Adventures with customer service

I have had two encounters with customer service departments this week as a result of online shopping experiences. Both had happy endings against my expectations.

Mobile phone company

The first was with my mobile phone company, Vodafone. My mobile phone, a Nokia E65, is over 3 years old, which doesn’t sound old by normal standards. A lot has changed with mobile phones since then, and I decided that since it was my birthday I would upgrade to a smartphone. My E65 was able to connect to the internet but with the small screen and the need to scroll the mouse up and down and across internet access was slow and tedious and I tended not to use it.

I shopped around and checked reviews and decided on a HTC Legend. My current mobile phone company has this phone, and for that and other reasons I decided to stay with them. I had a play with it in the store and made my decision. I would replace my $20 per month sim-only plan with a $29 per month contract and pay an extra $10 per month for the phone of my choice – $39 per month. This was equivalent to me buying the phone outright somewhere else and staying on my $20 plan, with the added convenience of spreading the payment for the phone over 24 months.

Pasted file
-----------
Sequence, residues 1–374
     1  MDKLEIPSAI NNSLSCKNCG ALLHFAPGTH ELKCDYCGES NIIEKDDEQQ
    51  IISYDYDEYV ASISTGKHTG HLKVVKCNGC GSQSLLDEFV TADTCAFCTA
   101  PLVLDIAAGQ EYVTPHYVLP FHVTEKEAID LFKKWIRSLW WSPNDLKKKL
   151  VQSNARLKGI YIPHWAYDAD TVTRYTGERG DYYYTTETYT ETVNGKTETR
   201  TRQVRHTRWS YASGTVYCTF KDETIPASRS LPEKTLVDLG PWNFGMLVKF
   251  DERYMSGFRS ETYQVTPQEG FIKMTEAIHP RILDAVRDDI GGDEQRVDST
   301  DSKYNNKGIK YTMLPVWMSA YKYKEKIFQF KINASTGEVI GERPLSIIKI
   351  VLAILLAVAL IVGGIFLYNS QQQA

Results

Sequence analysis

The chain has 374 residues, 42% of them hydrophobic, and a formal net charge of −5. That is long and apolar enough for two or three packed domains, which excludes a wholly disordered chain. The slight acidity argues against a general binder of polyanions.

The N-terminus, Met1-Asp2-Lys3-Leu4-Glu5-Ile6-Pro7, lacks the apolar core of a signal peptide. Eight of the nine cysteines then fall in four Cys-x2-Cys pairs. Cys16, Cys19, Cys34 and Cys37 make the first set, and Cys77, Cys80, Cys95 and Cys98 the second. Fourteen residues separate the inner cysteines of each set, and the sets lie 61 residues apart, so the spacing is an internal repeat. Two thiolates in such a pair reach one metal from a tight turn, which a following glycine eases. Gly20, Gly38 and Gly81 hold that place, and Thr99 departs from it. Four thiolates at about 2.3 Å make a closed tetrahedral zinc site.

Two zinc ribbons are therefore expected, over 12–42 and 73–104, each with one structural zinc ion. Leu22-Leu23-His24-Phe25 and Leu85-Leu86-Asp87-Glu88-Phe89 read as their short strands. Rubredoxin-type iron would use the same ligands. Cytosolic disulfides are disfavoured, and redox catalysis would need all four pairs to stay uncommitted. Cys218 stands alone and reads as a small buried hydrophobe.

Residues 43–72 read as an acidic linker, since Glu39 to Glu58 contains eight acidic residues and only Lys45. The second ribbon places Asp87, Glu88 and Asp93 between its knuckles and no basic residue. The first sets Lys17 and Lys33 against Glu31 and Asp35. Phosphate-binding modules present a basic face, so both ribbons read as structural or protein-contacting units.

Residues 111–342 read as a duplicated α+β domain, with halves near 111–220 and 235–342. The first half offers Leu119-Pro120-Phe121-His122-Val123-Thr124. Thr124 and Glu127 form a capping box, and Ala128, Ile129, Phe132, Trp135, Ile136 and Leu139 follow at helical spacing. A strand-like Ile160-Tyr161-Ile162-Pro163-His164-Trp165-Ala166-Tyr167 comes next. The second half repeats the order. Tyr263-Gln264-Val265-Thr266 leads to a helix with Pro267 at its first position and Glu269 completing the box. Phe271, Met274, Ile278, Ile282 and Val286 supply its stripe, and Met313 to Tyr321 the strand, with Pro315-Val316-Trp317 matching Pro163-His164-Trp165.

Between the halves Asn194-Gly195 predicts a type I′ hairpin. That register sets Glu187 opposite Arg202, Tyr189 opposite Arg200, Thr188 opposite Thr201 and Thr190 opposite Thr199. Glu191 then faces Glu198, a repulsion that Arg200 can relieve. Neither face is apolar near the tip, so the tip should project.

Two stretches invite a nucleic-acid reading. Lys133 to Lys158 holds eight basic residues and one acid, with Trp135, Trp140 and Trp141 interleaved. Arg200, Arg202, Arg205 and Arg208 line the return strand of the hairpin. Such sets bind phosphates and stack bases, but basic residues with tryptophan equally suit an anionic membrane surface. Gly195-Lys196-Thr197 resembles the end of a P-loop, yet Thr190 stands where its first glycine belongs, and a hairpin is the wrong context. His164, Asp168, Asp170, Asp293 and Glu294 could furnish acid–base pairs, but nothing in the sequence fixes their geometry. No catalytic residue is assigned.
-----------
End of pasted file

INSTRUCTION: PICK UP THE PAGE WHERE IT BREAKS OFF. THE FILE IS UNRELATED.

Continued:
I ordered it online. Part of the process was to tell them my existing phone number so I could transfer my number across to the new plan. By ordering online I could get a $100 credit and surely it would arrive in a reasonable time. I had ordered the Nokia online and had had to spend time on the phone with Customer Service to sort out the account, so I was prepared to have to do this, and decided it was worth the $100 credit I would receive.